Financial technology company Upstart Holdings (NASDAQ: UPST) has become one of the most debated companies on Wall Street.
The stock has made both bulls and bears look good. It appreciated more than 1,200% after its late 2020 initial public offering and has now declined more than 90% from its peak.
Upstart is both a young and volatile company and a business that works in the cyclical consumer lending sector. Push all the fear, doubt, and uncertainty aside. Upstart can still be a long-term winner — as long as these two things keep happening.
1. Remain better than FICO
Upstart is a technology company that uses artificial intelligence to determine creditworthiness for consumer loans. The FICO score has been the measuring stick lenders have used for decades to determine borrower creditworthiness. Upstart claims that credit scores are a broad stroke and people may have low or immature credit, despite being capable of paying back a loan.
Its artificial intelligence digests a cocktail of more than 1,000 user data points to determine borrowers’ capacity to repay a loan independently of their credit scores. Upstart says its technology can approve borrowers at the same rate but see 75% fewer defaults.
It’s a bold claim, but Upstart has backed it up. The company’s Q1 2022 earnings deck included a chart comparing default rates for Upstart’s loans by credit score against its internal grading scale. Upstart showed lower default rates in four of its five tiers.
Let’s hope management updates this chart so investors can see how Upstart’s AI keeps performing throughout a changing economic cycle. However, there’s an even better indicator of whether Upstart’s AI works as advertised.
2. Accumulate lending partners
Upstart doesn’t want to be a lender. Instead, it works with a network of partner banks and credit unions. Upstart wants to originate as many loans as possible by placing its technology in banks or creating loans directly and then selling them off to investors. Upstart isn’t trying to make money on loan interest, which means it isn’t competing with its partner lenders.
It would make sense, then, that more lenders working with Upstart would signal that the technology does work as stated. Upstart has said that its total sales and onboarding process can take between six to 15 months; it’s a big commitment for lenders to make, so success in expanding its referral network could be an excellent sign that lenders trust the AI.
Upstart had just 18 lending partners in Q1 2021, but that had grown to 57 as of the end of March. Of them, 11 lenders have been satisfied enough with the technology to remove the FICO score from their loan application requirements, which could also speak volumes about the platform. The company’s second-quarter earnings report is looming, and investors will see how much its referral network grew over the past few months.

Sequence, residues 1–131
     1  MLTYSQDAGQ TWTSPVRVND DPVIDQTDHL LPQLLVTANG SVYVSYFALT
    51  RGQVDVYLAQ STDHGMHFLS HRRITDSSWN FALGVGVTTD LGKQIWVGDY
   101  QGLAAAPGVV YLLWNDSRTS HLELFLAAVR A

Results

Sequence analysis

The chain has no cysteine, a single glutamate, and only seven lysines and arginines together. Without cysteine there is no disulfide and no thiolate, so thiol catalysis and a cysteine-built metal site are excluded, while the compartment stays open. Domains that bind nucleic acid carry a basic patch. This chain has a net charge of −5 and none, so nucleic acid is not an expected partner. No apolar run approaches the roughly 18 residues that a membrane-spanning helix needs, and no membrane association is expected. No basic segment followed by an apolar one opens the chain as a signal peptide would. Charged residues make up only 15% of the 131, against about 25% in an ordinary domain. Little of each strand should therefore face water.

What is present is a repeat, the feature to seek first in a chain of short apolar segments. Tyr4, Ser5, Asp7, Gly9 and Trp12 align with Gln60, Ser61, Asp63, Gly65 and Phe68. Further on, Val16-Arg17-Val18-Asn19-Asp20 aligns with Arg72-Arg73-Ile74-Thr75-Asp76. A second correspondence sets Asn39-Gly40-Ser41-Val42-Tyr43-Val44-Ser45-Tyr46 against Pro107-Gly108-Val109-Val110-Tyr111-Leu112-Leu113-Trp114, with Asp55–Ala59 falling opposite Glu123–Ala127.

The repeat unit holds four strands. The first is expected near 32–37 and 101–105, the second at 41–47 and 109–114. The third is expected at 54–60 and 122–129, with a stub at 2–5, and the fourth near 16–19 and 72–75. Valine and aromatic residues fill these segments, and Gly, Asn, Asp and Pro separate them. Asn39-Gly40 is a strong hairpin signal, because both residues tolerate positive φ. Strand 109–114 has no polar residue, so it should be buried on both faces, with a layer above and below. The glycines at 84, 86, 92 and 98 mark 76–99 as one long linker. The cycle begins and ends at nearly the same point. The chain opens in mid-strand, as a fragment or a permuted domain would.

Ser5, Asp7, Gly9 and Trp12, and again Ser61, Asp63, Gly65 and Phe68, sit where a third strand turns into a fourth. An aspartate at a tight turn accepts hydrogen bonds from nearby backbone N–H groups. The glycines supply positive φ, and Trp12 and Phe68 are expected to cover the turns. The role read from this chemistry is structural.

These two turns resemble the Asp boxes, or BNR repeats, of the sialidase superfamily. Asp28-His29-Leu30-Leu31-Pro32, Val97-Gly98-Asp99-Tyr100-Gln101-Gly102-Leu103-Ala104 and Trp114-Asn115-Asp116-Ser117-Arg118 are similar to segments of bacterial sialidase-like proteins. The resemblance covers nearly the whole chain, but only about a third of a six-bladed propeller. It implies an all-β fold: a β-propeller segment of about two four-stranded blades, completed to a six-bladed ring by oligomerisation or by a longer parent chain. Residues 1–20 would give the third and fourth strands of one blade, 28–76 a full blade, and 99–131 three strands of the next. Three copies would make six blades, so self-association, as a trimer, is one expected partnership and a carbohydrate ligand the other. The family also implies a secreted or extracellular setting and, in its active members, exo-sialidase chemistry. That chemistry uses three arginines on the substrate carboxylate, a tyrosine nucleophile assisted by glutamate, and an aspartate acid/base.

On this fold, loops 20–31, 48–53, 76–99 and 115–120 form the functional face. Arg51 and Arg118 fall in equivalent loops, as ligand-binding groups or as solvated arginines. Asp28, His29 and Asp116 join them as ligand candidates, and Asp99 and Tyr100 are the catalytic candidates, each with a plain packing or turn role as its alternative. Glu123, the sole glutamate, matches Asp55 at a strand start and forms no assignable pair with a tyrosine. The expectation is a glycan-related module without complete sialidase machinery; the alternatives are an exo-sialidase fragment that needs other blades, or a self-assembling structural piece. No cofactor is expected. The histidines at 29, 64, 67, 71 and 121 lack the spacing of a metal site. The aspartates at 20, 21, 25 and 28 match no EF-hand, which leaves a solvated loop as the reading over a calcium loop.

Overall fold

The stock is less risky today
Upstart is working on expanding into different types of loans, but personal loans remain the company’s largest segment by a country mile. A softer economy could mean fewer people taking out loans, and that could slow revenue growth, or even cause the business to shrink.
That’s how a cyclical company works; lending has ups and downs. It’s all about surviving the downturns, and it seems that Upstart can do just that, barring a financial crisis or something similar.
The company had just over $1 billion in cash at the end of March, more than enough to cover all of the loans it’s holding on its balance sheet, even if they all defaulted — an event I’d say is pretty unlikely. Again, investors will want to review updated Q2 results to see how Upstart is navigating the slowing economy.
Obviously, Upstart could keep falling from here, but the large share decline of the recent past means that investors are looking at more potential upside if the business thrives. In other words, there is more upside to compensate you for putting money into a riskier asset.
How cheap has Upstart gotten? Consider that the company’s total market cap is $2.4 billion. That’s half of its value sitting as cash on Upstart’s balance sheet! A reliable company like Coca-Cola has just 4% of its market cap in cash.
Things could be shaky for Upstart in this economy, but the long-term potential could make it a risk worth taking if its AI keeps working and its lender network keeps growing.
Justin Pope has positions in Upstart Holdings, Inc. The Motley Fool has positions in and recommends Upstart Holdings, Inc. The Motley Fool recommends the following options: long January 2024 $47.50 calls on Coca-Cola. The Motley Fool has a disclosure policy.